Thanksgiving is going to cost a bit more this year.
The American Farm Bureau Federation’s annual inflation price survey of traditional Thanksgiving grub found that the average cost of this year’s dinner for ten is $US50.11.
That would be a $US0.70 increase from last year’s average of $US49.41.
That’s just shy of 2% up from a year ago.
Moreover, this marks the first time that the average cost of dinner totaled over $US50. The cost of dinner has remained around $US49 since 2011.
The AFBF survey shows that several key foods that make up Thanksgiving saw price increases. Notably, the star of the show, the turkey, will cost more. According to their data, a 16-pound turkey costs about $US23.04 this year, around $US1.39 more than last year.
“There were some production disruptions earlier this year due to the highly pathogenic Avian influenza outbreak in the Midwest,” AFBF Deputy Chief Economist John Anderson noted. “Turkey production is down this year but not dramatically.”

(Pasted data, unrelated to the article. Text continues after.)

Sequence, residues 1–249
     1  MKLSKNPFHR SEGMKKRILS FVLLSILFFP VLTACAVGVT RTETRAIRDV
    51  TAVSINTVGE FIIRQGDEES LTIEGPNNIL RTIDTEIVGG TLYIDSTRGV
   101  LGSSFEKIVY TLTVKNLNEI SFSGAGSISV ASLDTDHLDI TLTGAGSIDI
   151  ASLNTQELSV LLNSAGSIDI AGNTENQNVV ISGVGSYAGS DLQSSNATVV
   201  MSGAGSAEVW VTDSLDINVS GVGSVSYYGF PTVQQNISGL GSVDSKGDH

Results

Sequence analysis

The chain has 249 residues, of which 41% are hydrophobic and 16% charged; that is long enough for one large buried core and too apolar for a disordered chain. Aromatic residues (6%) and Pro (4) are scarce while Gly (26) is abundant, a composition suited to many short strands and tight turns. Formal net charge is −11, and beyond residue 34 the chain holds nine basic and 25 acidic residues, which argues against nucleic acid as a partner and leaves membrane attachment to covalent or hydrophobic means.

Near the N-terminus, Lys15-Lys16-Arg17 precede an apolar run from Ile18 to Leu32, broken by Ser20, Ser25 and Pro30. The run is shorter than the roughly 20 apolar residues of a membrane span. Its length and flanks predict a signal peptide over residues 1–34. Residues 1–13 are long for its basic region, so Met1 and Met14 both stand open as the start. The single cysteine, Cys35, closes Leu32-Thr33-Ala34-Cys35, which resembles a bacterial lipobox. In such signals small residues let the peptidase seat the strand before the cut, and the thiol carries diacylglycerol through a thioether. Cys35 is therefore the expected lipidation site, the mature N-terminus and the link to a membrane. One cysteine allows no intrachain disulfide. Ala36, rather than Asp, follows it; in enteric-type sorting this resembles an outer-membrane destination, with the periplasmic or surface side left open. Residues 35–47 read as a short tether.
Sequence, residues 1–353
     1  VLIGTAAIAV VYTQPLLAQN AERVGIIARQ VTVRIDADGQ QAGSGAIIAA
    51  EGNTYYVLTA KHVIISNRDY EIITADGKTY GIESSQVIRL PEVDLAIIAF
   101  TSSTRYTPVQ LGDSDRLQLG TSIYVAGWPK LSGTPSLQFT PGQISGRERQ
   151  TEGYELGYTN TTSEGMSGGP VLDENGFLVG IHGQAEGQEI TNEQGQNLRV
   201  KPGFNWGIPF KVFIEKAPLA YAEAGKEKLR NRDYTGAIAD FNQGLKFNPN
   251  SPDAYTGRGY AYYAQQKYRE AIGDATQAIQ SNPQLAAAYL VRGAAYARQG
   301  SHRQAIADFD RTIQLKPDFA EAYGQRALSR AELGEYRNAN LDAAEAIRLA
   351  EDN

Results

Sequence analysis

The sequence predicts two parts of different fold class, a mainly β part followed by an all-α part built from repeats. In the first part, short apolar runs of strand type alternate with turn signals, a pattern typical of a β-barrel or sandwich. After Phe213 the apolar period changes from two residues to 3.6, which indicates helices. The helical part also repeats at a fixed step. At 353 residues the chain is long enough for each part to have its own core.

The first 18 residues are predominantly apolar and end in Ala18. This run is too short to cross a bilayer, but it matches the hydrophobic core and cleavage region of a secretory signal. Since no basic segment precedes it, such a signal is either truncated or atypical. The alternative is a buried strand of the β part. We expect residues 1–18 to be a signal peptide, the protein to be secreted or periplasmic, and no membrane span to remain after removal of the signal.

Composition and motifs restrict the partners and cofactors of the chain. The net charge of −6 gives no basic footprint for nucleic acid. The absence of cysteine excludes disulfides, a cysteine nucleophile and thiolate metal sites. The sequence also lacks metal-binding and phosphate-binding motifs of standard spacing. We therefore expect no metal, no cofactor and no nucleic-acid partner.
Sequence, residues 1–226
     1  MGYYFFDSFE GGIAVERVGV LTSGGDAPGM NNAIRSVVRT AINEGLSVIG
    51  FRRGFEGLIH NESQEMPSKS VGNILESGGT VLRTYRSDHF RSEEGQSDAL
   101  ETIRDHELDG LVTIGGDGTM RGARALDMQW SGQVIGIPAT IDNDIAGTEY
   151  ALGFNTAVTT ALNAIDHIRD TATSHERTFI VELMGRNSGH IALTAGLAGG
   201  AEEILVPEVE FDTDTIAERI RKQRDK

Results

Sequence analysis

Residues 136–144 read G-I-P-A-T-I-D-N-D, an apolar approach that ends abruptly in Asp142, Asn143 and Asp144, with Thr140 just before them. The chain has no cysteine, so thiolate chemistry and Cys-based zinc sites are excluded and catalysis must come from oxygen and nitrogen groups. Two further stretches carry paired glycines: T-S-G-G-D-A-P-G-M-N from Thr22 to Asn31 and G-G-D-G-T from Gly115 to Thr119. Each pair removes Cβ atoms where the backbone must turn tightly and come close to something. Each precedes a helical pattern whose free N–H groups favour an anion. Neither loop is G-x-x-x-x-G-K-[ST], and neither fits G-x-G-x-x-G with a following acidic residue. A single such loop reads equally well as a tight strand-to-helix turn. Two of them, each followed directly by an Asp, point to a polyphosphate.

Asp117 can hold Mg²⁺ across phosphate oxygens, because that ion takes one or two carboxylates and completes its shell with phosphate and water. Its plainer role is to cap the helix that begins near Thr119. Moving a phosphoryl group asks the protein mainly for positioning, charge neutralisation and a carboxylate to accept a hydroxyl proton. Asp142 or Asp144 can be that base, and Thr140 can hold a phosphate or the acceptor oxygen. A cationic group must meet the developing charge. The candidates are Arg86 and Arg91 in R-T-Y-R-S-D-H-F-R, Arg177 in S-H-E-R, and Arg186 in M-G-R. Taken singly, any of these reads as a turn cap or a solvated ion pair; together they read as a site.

Turkey isn’t the only thing seeing prices rise. Pumpkin pie mix ($US3.20), a dozen brown-n-server rolls ($US2.25), cubed bread stuffing ($US2.61), and pie shells ($US2.47 for two 9-inch ones) also experienced pretty healthy price increases this year.
So what does this mean in the greater scheme of things?
Consumer who notice the change may not like it.
But the direction of prices could play into the larger narrative of the will-they-or-won’t-they game the Fed has been playing in the second half of 2015, as the Fed wants to time the rate hike with inflation. Low inflation has been a big part of why the Fed has kept monetary policy loose and rates low. With
consumer-price inflation data broadly picking up, the Fed will only be more likely to lift rates at its upcoming monetary policy meeting in December.
In short, the turkey is on the table. And for the Fed, December might be, too.
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